11 The Court of Appeal in Mariwu ([9] supra) considered s 23 to be a statutory enactment of the common law rule and stated as follows at [24]:

The words in s 23 contemplate two different situations that invoke the underlying rationales of the “without prejudice” rule. The first situation is where there is an express condition that any admission made by either party in the context of negotiations to settle a dispute is not to be “given”, ie, admissible in evidence against the party making the admission. The situation applies to all communications made expressly “without prejudice” The second situation is where an admission is made “under circumstances from which the court can infer that the parties agreed together that evidence of it should not be given”. This situation will cover cases where even though a statement is not expressly made “without prejudice” the law holds that it is made without prejudice because it was made in the course of negotiations to settle a dispute: see the judgment of Lord Hoffmann in Bradford & Bingley plc v Rashid [2006] 1 WLR 2066 at [13].

12 Thus, in cases where the communication is expressly stated to be made “without prejudice” then, subject to such exceptional situations as were identified by Robert Walker LJ in Unilever plc v The Procter & Gamble Co [2001] 1 All ER 783 (“Unilever”) at 791 to 793, it will not be admissible. In cases where no express condition has been imposed as to the admissibility of any admission, it is a matter for the court to examine the surrounding circumstances in which the communication was made and then ascertain whether these were such that the court may infer an agreement to the effect that evidence of the communication should not be given. The classic instance of this would be where the parties were in fact seeking to settle a dispute at the material time.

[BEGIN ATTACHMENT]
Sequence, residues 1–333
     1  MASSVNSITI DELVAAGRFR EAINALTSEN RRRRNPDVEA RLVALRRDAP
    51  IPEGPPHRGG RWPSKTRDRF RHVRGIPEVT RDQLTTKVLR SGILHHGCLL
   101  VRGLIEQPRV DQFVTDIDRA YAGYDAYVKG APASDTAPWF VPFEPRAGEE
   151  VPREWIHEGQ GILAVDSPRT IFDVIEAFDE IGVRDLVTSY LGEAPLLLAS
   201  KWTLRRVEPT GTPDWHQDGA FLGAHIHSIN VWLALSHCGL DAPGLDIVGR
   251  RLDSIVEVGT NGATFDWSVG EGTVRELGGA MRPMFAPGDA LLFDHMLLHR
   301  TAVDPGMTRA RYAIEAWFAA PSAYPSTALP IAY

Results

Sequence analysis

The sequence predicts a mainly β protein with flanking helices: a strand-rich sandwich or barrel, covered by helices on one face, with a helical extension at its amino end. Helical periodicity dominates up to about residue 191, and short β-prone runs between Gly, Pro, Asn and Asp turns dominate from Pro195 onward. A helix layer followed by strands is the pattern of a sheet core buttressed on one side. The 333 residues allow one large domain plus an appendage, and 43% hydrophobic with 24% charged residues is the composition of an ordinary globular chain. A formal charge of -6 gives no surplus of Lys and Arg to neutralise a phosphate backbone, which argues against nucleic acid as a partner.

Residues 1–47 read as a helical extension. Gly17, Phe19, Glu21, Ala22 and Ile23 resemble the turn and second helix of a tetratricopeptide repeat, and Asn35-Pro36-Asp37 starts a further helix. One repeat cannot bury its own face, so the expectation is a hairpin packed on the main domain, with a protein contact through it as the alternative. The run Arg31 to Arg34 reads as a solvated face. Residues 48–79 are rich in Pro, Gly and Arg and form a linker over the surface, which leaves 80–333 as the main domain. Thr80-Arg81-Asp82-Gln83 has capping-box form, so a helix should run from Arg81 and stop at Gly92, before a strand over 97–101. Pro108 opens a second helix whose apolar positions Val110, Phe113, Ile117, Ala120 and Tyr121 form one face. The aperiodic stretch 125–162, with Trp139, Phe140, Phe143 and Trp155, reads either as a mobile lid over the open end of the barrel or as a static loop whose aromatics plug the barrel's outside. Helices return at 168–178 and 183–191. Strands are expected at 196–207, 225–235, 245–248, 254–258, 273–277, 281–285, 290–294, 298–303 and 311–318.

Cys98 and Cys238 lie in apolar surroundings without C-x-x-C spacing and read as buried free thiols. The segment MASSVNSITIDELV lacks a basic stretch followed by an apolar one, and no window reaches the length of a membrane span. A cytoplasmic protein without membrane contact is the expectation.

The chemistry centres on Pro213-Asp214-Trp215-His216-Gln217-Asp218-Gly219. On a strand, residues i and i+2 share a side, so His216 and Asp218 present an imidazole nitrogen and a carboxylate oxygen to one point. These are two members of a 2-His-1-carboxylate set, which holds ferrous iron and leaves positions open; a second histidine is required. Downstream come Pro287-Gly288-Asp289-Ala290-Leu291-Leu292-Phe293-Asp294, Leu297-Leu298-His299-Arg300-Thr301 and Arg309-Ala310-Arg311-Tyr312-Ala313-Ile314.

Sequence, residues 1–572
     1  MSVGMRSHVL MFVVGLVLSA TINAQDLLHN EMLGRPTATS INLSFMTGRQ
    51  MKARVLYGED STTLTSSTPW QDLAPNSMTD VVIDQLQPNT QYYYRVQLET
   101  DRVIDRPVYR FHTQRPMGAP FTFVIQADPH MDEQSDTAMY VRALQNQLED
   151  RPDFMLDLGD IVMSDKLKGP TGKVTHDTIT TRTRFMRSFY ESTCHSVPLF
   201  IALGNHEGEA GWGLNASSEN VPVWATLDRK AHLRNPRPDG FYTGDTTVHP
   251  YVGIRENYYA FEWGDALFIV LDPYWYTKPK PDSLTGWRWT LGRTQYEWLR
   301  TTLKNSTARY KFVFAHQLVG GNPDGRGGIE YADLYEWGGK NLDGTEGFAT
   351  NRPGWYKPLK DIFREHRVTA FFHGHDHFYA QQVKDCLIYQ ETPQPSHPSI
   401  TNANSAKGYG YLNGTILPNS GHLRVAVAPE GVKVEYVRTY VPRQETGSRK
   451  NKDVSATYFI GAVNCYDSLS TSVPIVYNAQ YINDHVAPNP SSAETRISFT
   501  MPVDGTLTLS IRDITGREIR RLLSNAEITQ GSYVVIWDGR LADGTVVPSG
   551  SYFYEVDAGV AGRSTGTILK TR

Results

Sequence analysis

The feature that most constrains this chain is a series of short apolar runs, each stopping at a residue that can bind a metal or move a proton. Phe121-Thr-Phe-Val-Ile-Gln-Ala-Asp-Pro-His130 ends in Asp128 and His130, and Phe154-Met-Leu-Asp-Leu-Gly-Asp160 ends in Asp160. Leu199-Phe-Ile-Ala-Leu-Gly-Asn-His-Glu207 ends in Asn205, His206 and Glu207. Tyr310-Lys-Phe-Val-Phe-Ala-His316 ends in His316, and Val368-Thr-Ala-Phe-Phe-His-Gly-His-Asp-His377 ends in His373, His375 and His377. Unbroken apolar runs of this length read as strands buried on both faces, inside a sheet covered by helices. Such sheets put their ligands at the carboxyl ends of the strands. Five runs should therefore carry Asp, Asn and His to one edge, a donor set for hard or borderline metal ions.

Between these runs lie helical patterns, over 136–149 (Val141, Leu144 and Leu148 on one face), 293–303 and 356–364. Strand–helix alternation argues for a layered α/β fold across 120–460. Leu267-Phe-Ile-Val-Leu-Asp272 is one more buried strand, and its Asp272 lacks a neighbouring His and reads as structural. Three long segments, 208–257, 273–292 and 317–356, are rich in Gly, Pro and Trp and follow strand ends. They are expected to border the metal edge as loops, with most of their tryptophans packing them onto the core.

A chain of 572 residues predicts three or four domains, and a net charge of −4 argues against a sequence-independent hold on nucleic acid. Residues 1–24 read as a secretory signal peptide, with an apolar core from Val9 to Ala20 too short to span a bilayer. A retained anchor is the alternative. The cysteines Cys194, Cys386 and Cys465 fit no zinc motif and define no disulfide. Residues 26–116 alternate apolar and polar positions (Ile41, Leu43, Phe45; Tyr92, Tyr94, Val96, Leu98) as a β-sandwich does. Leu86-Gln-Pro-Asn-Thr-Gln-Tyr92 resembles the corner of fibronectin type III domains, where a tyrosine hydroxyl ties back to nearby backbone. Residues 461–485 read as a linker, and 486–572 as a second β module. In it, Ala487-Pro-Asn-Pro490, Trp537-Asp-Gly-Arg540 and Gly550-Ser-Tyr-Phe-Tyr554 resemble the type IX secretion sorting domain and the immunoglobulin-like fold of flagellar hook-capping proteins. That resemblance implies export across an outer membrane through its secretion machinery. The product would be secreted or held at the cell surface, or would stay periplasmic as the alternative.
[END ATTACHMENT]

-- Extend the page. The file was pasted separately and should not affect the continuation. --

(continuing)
13 For present purposes, there are two prerequisites before the privilege can be invoked. The first is that the communication must be an “admission”. I return to this a little later in this judgment when I consider the position in relation to the letter. The second is that there must in fact be a dispute which the parties are trying to settle and it is this I begin with.

14 In the present case, the plaintiff argued that there clearly were existing disputes between the parties. In particular, the plaintiff pointed to the outstanding payments that were due to it for the works it had completed. The issue of the ‘missing cables’ had been brought to the plaintiff’s attention by the defendant some time in December 2005. The plaintiff contended that these issues had led to the meetings in question. Therefore, it was submitted, the meetings were held in the context of the parties’ attempts to resolve these outstanding disputes, and that it was clear that the parties were in the process of negotiating a compromise.

15 In response, the defendant argued that it was apparent from the facts and surrounding circumstances that there was no dispute between the parties that the copper cables were missing. The defendant submitted that the parties were not in fact negotiating a compromise at all but were discussing operational matters. It was further submitted that the plaintiff had admitted that it did not keep a proper record of the cables in its possession and had not returned all the cables it had recovered. Hence, the meetings could not have attracted the privilege because there was neither a dispute nor negotiations aimed at settling any dispute.

16 In my view, the inquiry begins with trying to establish what it was that the parties were seeking to achieve at the meetings. In this regard, it was clear from the minutes of the meetings...